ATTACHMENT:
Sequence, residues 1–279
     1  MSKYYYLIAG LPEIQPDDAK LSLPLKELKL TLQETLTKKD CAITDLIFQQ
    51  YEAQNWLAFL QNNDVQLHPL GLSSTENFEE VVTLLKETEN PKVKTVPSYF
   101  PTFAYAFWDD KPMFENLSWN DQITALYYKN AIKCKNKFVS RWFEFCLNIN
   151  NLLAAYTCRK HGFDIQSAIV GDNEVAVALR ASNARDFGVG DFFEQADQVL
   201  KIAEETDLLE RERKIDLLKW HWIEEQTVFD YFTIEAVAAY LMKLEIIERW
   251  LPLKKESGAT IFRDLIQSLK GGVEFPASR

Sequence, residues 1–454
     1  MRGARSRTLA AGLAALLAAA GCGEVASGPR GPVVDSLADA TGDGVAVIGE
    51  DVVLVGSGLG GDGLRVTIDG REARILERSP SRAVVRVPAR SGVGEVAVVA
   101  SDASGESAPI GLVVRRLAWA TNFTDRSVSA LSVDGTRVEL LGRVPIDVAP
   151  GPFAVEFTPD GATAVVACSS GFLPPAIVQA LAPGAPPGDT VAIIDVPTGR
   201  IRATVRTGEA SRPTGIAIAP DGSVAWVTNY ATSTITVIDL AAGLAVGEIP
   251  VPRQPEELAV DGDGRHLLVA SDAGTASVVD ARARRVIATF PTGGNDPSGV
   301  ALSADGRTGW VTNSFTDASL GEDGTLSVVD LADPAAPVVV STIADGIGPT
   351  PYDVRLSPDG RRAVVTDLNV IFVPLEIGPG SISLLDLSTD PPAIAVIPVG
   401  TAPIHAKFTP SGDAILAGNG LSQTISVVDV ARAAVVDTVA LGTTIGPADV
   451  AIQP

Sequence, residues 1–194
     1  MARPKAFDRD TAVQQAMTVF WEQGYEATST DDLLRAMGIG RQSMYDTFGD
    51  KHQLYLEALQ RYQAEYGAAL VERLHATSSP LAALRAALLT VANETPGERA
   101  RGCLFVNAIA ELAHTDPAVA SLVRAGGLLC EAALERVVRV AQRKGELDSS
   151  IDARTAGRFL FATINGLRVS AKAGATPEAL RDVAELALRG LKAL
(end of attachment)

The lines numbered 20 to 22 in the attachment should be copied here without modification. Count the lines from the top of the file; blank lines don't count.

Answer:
     1  MARPKAFDRD TAVQQAMTVF WEQGYEATST DDLLRAMGIG RQSMYDTFGD
    51  KHQLYLEALQ RYQAEYGAAL VERLHATSSP LAALRAALLT VANETPGERA
   101  RGCLFVNAIA ELAHTDPAVA SLVRAGGLLC EAALERVVRV AQRKGELDSS